As society moves more towards elective, cosmetic surgery and breast implants are becoming quite prevalent I propose that we start utilising them for things other than ogling.
We could store vast amounts of data in a regular breast implant and read it out via contact-less radio frequency.
The amount of storage in most implants would be mind-boggling, that babe over there with the over-inflated cleavage may just be carrying around the Library of Congress with her.
Perhaps you could embed a 4G enabled web browser in the implants with a digital e-ink tattoo on the surface of the breasts themselves for optimal viewing.
A simple Bluetooth enabled keyboard and mouse would allow for easy navigation.
Though the page rendering part of the browser may need to distort the final web image to account for the curvature of the breast much like an IMAX cinema needs to do, but in reverse.
Of course, if you start putting communications in them suddenly you could use breasts as a mobile mesh network or walking WiFi hotspot.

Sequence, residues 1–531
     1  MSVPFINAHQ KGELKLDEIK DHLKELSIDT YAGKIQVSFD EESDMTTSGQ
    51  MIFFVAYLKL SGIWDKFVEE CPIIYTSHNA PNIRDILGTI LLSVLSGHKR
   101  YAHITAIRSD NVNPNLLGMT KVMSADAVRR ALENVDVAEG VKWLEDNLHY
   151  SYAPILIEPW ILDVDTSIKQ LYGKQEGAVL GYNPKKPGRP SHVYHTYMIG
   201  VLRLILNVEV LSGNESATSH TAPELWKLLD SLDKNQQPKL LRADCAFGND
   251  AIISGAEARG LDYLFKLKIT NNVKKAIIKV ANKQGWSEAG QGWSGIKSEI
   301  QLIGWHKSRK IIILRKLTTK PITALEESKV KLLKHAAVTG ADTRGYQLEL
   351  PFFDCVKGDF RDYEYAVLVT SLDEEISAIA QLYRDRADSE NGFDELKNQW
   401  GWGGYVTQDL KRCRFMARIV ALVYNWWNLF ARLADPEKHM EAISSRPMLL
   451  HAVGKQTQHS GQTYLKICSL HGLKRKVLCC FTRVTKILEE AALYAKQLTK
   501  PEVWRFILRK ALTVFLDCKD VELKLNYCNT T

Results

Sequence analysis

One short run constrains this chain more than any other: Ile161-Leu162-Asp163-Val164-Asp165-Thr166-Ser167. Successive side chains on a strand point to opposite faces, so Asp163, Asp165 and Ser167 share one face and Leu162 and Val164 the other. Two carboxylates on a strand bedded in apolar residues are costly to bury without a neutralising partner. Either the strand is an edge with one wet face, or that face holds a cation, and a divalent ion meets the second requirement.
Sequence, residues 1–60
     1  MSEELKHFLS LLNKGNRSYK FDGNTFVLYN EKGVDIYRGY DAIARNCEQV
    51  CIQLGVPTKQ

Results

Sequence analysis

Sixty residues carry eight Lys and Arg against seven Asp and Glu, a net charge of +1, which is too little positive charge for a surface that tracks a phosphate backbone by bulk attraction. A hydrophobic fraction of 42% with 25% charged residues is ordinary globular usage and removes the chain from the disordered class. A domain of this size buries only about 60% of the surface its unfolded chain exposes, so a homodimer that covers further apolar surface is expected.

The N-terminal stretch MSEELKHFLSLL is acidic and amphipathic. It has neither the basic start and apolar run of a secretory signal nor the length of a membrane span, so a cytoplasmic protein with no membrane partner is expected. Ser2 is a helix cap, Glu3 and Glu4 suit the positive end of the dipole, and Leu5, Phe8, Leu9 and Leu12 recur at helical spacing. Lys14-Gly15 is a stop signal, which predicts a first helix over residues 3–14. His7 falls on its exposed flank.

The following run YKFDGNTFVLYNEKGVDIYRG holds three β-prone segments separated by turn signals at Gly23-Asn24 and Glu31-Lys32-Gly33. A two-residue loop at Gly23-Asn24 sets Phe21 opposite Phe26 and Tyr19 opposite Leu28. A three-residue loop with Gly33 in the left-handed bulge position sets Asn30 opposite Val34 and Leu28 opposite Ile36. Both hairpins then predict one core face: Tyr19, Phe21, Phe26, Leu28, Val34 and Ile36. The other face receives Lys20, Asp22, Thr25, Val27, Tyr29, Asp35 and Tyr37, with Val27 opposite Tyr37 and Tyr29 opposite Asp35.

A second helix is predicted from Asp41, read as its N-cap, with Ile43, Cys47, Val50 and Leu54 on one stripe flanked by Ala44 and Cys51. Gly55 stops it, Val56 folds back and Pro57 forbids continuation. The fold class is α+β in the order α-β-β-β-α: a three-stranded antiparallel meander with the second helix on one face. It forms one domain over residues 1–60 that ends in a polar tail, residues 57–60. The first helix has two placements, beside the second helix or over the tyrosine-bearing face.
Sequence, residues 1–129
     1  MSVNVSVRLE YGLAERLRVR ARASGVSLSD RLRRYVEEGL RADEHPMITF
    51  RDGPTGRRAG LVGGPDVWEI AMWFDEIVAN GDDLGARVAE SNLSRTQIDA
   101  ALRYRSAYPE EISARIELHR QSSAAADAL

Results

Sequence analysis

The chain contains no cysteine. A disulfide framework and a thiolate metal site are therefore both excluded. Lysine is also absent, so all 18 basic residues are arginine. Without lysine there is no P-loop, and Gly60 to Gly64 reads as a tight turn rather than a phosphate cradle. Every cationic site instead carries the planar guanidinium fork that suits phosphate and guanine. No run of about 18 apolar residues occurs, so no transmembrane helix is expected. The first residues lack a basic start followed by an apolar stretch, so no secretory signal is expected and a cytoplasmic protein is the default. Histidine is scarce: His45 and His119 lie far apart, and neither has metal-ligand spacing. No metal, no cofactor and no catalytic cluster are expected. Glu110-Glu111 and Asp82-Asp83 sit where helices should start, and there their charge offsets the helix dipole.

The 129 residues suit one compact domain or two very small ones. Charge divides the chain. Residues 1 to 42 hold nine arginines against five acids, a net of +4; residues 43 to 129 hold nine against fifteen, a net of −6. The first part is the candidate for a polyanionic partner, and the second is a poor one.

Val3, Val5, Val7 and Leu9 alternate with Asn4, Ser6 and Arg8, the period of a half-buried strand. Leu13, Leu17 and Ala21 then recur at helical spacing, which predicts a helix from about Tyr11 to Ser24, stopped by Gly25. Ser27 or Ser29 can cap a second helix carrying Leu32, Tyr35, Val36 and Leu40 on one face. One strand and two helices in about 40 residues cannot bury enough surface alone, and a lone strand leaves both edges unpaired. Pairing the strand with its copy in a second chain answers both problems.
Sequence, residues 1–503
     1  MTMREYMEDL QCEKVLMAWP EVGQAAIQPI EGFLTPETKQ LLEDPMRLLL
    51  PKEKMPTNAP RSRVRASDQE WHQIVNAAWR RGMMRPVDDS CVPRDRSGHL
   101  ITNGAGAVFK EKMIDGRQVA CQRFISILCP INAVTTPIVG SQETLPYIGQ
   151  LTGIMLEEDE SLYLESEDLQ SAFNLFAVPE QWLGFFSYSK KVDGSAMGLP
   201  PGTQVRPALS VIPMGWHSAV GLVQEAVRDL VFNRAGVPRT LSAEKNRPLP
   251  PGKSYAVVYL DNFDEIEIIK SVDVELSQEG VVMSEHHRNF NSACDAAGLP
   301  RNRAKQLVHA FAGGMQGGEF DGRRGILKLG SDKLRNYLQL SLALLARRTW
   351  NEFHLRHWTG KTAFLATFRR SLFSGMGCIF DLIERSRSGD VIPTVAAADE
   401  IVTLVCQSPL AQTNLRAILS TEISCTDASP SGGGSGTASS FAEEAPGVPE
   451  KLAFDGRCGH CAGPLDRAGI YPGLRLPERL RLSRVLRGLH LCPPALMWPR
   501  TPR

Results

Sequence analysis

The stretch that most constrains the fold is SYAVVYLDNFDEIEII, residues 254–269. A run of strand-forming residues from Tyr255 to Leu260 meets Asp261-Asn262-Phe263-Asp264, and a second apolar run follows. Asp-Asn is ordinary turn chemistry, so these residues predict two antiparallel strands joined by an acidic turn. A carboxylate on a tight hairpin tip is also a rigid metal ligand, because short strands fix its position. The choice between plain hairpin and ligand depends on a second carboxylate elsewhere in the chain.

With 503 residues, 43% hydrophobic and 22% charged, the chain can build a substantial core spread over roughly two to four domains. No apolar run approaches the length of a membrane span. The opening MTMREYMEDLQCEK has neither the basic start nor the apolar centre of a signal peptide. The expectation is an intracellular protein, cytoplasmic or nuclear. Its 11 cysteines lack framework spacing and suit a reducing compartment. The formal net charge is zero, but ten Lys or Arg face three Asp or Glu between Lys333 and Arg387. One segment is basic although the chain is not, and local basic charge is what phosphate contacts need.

Now imagine a Beowulf cluster of these…
Interesting article I just read on advances in inflatable breast implants lead me to wonder if we could control the size of the breast implant via a web browser or SMS. Certain enterprising young women could then allow their breast size to be set for a fee.
You just wouldn’t want your website breast size account getting hacked.
Expect to see this feature taken up by adult porn sites and female users of MySpace.com very soon.
Obviously if the breast size is controlled via the cellular network it becomes possible to triangulate position and orientation too.
I guess in time it will be possible to control other bodily functions through a web browser too.
Speech, arousal level, breast shape, mood.
I wonder if Microsoft will ever have an operating system that runs on a breast…
So the elevators in the building where I have my office now sport LCD panels that play adverts on a continuous loop.